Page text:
Leadership and project management skills are especially critical if you’re targeting roles with supervisory responsibilities. Demonstrating your ability to lead teams, manage projects from inception to completion, and drive organizational goals forwards can significantly bolster your resume. For creative roles, articulating skills in design, content creation, and innovation can set you apart, particularly if you can link these abilities to tangible outcomes, such as successful marketing campaigns or engaging multimedia content.

Digital literacy is another key area to highlight, given the pervasive influence of technology in all sectors. Showcasing your competence in digital tools and platforms, from social media to specialized industry software, can demonstrate your adaptability and readiness to thrive in modern work environments. For those with international aspirations or experiences, language proficiencies and cultural awareness can be compelling additions, signaling your ability to operate effectively in a globalized business landscape.

Certifications, Education, and Licenses

When listing skills, it’s also beneficial to mention any relevant certifications or continued education, as these can serve as tangible proof of your expertise and commitment to professional growth. Tailoring your skills to align with the job description ensures relevance, making it clear to employers why you’re a strong fit for the position.

It’s crucial to maintain a balance between showcasing a broad range of skills and ensuring that each skill mentioned is backed by specific examples or experiences. This lends credibility and depth to your resume, painting a comprehensive picture of your professional capabilities.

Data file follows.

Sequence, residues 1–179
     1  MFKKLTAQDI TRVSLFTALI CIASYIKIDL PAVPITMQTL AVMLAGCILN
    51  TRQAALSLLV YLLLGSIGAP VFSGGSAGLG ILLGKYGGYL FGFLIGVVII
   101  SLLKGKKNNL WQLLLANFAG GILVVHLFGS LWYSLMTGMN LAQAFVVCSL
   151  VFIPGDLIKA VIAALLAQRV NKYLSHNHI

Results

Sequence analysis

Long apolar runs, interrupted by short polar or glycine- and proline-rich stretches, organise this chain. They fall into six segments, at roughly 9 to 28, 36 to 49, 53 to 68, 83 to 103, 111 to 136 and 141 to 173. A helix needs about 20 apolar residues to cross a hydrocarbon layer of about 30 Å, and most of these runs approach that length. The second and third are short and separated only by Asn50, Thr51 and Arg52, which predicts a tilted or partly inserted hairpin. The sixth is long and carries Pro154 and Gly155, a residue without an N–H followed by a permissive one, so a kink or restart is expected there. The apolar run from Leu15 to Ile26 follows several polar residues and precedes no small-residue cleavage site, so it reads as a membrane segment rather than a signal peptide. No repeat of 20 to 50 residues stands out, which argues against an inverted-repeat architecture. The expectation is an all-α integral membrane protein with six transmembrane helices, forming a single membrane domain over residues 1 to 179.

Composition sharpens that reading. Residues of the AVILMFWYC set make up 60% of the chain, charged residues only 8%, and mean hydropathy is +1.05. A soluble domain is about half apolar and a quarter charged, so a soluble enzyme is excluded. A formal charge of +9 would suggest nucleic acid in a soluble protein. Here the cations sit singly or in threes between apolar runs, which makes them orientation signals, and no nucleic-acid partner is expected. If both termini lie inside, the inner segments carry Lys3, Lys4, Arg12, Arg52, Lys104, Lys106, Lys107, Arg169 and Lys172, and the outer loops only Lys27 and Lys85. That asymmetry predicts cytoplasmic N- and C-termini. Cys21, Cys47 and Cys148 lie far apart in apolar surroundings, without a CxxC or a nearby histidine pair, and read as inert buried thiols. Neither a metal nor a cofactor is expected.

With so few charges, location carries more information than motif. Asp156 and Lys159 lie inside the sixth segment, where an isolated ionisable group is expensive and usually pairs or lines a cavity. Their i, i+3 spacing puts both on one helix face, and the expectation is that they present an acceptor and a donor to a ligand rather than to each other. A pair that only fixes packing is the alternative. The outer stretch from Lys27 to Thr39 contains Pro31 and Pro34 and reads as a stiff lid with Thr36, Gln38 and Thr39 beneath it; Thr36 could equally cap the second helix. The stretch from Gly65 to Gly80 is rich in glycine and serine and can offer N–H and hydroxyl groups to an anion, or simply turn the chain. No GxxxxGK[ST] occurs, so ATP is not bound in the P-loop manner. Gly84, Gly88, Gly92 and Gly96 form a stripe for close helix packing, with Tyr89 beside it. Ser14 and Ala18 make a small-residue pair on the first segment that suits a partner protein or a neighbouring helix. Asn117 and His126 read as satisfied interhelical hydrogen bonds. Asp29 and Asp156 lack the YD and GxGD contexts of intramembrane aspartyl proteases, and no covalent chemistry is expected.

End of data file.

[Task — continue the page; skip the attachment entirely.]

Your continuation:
woman typing resume on computer

Relevant Skills are Key

Regular updates to your resume are essential to reflect new skills and experiences, ensuring you’re always ready to present the most current and compelling version of yourself. A thoughtfully crafted Skills section can significantly enhance your marketability, portraying you not just as a candidate with the right qualifications, but as a dynamic professional poised to make meaningful contributions to a potential employer’s success.

What Defines a Trait?

Traits play a pivotal role in shaping an individual’s character and influencing how they interact with the world around them. Unlike skills, which are often learned and measurable, traits are inherent aspects of one’s personality that are subjective and can vary widely in interpretation. For instance, being hard-working in one person’s eyes might involve long hours and relentless dedication, while for another, it might mean being highly efficient and achieving results in less time. This subjectivity makes traits unique and personal, reflecting the nuanced differences in human behavior and perception.

Examples of Traits